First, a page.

Bennett's Blog

The unhealthy speed of life

Bennett R. Coles | January 12, 2011

I'd like to say that sitting in a traffic jam for an hour this morning helped me to appreciate the value of slowing down and smelling the roses. Unfortunately, the only thing to smell was diesel exhaust and my left leg began to cramp as I rode the clutch and gave first and second gear an unusually good workout.

But the point isn't lost on me. In my relatively short time in Western society I've seen the rise of cell phones, the internet and a culture of instant gratification. And in the work world, an obsession with using technology to increase efficiency has taken Adam Smith's economic vision to extremes that are now endangering our health.

Remember when we had to wait days - days! - for mail to arrive? And we could only call people when they were physically in their office? And if we wanted three people to get the same message we had to write it out three times? Now we can access pretty much everyone, all the time, all at once. All of the technological advances in communication and data movement were designed to make our lives easier, but all they did was make our lives busier. What we used to accept took a week to accomplish we now demand in hours. Every time we introduce a new time-saving device we don't take that extra time to enjoy life or work: we just try to cram more stuff in.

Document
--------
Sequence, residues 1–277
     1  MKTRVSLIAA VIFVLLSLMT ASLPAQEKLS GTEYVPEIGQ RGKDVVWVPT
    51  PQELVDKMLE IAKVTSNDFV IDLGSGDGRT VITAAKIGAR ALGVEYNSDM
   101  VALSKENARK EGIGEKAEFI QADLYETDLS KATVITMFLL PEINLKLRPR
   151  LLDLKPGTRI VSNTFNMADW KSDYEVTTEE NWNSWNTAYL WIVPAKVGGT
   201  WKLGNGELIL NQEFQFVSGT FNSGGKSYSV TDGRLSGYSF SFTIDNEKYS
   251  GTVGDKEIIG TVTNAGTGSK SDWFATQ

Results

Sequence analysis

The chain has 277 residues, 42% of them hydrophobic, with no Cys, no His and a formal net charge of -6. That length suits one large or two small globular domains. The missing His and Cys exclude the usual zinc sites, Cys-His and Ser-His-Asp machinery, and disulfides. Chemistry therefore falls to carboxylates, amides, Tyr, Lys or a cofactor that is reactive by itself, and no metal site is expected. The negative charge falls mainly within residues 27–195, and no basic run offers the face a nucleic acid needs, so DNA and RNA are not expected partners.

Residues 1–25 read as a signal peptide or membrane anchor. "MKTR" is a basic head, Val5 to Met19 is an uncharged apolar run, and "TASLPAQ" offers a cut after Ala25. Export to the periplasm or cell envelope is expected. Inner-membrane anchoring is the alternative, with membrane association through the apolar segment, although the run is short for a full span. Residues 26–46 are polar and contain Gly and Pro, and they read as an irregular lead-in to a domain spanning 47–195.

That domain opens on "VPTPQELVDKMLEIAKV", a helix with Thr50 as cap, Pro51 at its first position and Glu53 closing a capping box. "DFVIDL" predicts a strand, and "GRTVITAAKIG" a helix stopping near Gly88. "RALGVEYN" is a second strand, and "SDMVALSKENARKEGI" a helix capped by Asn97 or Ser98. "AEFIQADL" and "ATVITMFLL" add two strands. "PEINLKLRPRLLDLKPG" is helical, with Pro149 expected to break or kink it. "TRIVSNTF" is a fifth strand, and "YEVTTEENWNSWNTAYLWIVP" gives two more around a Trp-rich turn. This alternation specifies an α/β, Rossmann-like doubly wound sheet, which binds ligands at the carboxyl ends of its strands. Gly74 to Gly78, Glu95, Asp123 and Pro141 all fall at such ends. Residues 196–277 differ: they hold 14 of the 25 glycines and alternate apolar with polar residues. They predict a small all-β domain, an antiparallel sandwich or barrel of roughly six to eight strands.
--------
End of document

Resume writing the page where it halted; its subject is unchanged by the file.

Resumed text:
And this comes with a cost: stress. And all the maladies that come from it. Heart disease, ulcers, depression... In our efforts to make our lives better we are making them worse. But we're too busy to notice.

A reader will notice that the characters in Virtues of War accomplish their tasks at about the same pace as us in the early 21st century, despite their society's obvious technological advances beyond ours. This is deliberate on my part: I believe that we are already pushing our biological limits with the demands of busyness we continue to impose on ourselves. To imagine that humans will continue to process information at an ever-increasing rate is leaving science fiction and entering fantasy.

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